Royal Welsh Show: Action plan launched to halt bee decline

A bee The Welsh government announced proposals for an action plan at last year's Royal Welsh Show

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An action plan to boost Wales' bee population has been launched in a bid to halt their decline.

The value of pollinators to the UK as a whole is estimated to be £430m a year but their numbers have been falling for 30 years.

Natural Resources Minister Alun Davies launched the plan at the Royal Welsh Show after public consultation.

The Welsh government wants to encourage green spaces, gardens and allotments to help the pollinators.

It announced at last year's Royal Welsh that it was drawing up an action plan to protect endangered insect pollinators such as honey bees, bumble bees, hoverflies and butterflies.

Start Quote

A sycamore in flower absolutely hums with bees”

End Quote Jenny Shaw Welsh Bee-Keepers' Association

Since then it has held a review to look at the reasons for the insects' decline.

The plan will focus on four areas:

  • Bringing together policies and evidence as a base for action
  • Providing diverse and connected flower-rich habitats to support pollinators
  • Ensuring pollinator populations in Wales are healthy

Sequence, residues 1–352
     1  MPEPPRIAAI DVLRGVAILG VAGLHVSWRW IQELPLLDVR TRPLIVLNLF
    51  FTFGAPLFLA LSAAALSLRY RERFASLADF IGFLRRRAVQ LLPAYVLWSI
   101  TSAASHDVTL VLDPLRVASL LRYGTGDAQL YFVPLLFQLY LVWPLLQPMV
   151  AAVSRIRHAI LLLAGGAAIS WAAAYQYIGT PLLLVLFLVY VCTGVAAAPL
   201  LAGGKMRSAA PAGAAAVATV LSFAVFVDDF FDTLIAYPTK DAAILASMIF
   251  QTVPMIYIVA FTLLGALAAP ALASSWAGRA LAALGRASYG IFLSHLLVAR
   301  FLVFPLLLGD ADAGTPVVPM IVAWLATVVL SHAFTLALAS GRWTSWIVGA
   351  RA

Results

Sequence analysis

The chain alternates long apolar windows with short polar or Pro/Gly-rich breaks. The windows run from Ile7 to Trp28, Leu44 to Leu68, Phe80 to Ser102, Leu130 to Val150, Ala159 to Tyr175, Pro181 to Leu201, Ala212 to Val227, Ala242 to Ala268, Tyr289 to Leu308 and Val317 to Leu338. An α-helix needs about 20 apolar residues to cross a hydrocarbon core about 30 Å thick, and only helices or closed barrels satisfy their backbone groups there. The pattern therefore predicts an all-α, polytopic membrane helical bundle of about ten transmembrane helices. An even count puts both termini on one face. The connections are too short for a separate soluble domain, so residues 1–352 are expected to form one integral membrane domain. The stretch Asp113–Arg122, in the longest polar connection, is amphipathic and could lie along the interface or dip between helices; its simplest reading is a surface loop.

• Raising awareness to ensure people in Wales are better informed about how to manage land to attracts bees and pollinators.

As part of the plan, the Welsh government will establish a Pollinators Taskforce, which will help develop an awareness campaign and a best practice guide for councils.

"Bees and other pollinators, like much of our wildlife, have been in decline for many years," said Mr Davies.

"We need to take action to help and protect our wildlife - and that is why I have launched this plan today."

Mr Davies also launched a new campaign by the Woodland Trust to persuade farmers to grow more bee-friendly plants.

Friends of the Earth bee campaigner Bleddyn Lake hopes the plan will include help and advice for farmers and communities and will see pesticide regulations devolved to the Welsh government.

"We're hoping it will mean support for farmers and local authorities to reduce herbicide use and provide more forage areas," he said.

"Help needs to be given to communities, schools, businesses and the public to create pollinator-friendly areas, to replace some of the 97% of wildflower meadow areas lost since 1930."

The Woodland Trust is offering farmers and other landowners "pollinator packs" of 210 native trees.

The packs are subsidised and will cost around £70.

Jenny Shaw, vice chair of the Welsh Beekeepers' Association, said: "Trees and shrubs are very important as early and also as late sources of nectar and pollen, and also as good nesting sites for many of our native pollinators.

Brain function

"A sycamore in flower absolutely hums with bees. Willow and hazel catkins are really important because they come out at a time of year when there isn't much else in flower.

"So I'm delighted that the Woodland Trust have made these pollinator packs available and I very much hope that many farmers and landowners will apply for them and plant them out."

The six wildlife trusts in Wales want a ban on the use of three types of chemicals known as neonicotinoids found in pesticides.

They claim the chemicals have been shown to affect the foraging behaviour of bees and damage bee brain function.

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